Research Describes Novel laboratory Automation Platform for Preclinical Detection and Quantification of Behavior
Results suggest new technology enables improved, high volume characterization and quantification of in vivo behavior.
BOSTON, MA and DALLAS, TX March 8, 2023 – Researchers at Boston Children’s Hospital and Harvard Medical School’s Department of Neurobiology have developed a new approach to measure dynamic changes in behavior in an unbiased, observer-independent manner, according to a new study published in and featured on the cover of PAIN, the journal of the International Association for the Study of Pain (IASP). The investigators noted that this technology platform has the ability to characterize a broad range of physiological and pathological phenomena and can be applied to objectively and automatically characterize behaviors including such tactile hyperalgesia, sedation, and other neurological readouts.
“The application of machine learning to accurately capture freely moving voluntary rodent behavior and the analysis of this by machine learning provides the opportunity to detect subtle but important reflections of how it responds and how its nervous system is operating, as well as the presence of any disturbance in the nervous system, all in an unbiased automatic fashion.” Principal Investigator, Clifford Woolf, Mb, BCh, PhD, Professor of Neurobiology at Harvard Medical School and Director of the F.M. Kirby Neurobiology Center at Boston Children’s Hospital.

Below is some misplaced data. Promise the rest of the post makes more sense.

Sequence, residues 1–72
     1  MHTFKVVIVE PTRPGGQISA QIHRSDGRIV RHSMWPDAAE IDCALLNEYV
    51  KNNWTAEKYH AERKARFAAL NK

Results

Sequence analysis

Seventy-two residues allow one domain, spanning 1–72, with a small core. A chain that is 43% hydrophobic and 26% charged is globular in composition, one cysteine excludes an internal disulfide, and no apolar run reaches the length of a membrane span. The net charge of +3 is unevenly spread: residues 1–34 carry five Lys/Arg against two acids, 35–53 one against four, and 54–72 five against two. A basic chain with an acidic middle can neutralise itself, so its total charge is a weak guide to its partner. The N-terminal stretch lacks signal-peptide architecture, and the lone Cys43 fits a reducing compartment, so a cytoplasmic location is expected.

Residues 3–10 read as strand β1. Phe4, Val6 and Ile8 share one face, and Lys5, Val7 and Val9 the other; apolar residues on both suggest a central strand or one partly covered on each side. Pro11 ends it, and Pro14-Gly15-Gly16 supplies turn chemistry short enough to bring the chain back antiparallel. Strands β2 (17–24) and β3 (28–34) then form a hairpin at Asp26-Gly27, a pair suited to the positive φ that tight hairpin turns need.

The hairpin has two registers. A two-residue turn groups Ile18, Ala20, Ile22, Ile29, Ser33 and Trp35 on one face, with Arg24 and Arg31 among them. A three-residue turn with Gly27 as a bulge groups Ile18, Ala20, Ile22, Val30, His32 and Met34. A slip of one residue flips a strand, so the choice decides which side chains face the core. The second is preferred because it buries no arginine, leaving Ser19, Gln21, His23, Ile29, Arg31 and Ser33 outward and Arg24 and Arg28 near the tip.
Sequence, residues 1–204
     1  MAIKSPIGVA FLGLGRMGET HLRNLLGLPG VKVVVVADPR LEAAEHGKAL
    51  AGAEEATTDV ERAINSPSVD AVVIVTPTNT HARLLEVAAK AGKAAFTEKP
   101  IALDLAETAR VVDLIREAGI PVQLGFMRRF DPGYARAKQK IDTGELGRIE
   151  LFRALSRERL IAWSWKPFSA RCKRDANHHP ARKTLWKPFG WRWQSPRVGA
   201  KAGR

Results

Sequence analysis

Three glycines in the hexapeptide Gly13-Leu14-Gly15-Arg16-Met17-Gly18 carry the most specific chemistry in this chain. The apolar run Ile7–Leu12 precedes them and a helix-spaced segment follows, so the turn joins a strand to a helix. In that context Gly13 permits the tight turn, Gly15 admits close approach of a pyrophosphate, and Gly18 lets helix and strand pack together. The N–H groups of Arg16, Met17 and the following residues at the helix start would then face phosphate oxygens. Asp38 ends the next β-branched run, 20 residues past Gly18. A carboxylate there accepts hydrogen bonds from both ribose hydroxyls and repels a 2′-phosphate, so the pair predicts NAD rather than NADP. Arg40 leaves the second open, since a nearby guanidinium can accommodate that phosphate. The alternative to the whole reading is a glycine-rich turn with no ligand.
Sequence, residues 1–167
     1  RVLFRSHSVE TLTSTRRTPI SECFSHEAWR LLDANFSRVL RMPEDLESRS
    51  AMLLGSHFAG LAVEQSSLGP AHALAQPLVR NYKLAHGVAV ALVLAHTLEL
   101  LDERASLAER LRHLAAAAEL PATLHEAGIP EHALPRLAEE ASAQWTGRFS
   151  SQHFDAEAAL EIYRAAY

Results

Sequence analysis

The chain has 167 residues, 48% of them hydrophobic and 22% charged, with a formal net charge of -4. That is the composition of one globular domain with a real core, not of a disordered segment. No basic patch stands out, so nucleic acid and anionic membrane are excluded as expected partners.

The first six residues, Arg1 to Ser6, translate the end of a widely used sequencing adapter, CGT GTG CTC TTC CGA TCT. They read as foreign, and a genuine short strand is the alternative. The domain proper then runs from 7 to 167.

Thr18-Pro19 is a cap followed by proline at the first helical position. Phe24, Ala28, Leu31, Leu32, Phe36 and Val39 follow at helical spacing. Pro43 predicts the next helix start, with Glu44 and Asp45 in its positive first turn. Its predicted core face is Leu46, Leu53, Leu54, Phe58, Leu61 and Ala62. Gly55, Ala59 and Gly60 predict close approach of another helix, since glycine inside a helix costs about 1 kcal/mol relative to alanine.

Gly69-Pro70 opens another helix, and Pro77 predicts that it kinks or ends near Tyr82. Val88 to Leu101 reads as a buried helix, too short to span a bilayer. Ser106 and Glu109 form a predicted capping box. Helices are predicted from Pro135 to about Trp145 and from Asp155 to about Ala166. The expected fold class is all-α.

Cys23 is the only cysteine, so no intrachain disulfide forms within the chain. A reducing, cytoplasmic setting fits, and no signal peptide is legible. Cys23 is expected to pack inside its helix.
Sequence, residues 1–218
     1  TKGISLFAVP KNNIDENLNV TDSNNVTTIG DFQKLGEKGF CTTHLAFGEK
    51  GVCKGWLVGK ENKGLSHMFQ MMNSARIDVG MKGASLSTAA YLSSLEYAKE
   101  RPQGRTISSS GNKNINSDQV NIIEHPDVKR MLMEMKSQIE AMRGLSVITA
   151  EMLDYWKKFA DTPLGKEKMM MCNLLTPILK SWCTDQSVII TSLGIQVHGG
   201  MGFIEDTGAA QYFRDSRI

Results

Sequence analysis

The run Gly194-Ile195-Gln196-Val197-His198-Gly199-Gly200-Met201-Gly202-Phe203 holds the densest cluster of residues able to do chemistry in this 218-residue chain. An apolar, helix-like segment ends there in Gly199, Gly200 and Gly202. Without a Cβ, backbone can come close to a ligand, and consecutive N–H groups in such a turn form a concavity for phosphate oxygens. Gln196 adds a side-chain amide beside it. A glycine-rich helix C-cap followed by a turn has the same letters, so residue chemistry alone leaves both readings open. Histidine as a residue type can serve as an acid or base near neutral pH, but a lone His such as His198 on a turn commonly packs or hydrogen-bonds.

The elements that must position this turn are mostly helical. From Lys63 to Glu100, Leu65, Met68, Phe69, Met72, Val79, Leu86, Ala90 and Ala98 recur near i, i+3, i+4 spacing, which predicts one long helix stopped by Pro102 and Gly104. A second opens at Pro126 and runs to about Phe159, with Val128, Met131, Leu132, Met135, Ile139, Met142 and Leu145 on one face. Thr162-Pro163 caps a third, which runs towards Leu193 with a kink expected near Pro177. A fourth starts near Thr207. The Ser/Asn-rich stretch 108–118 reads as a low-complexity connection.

This peer-reviewed study demonstrated the efficacy of a novel automated technology platform in recording freely behaving mice over time for continuous data acquisition. The patented device technology has two parallel video data streams: a near-infrared frustrated total internal reflection (FTIR) for detecting the degree, force, and timing of surface contact, and near-infrared trans-illumination for ongoing video graphing of whole-body pose. In addition, researchers utilized a proprietary machine learning software for automatic extraction and quantification of behavior characters, allowing for objective, sensitive, and high-throughput measurement of the behavioral state of rodents.
The new approach seeks to solve for the current lack of sensitive and robust behavioral assessments of pain in preclinical models, a major limitation for both pain research and the development of novel analgesics.
“Historically behavioral assays have relied on reflex-withdrawal, and are commonly limited by only capturing snapshots of pain dynamics and requiring extensive animal-human observer interaction,” said study initiator David Roberson, a former postdoctoral fellow under Dr. Woolf who is now bringing the technology to market as co-founder and CEO of Blackbox Bio. “We’re incredibly excited to work with researchers around the world to make the technology an indispensable tool, not only for improving the efficacy of analgesics and other neurology medicines, but also in the safety evaluation of virtually any new medicine.”
About Blackbox Bio
Founded in 2022 to commercialize technology developed at Boston Children’s Hospital and Harvard University, Blackbox Biotech, Inc. is a preclinical behavioral neurobiology company focused on providing researchers with automated, high-throughput, and smart drug safety and efficacy screening. For more information, visit us at www.blackboxbio.com or follow us on LinkedIn.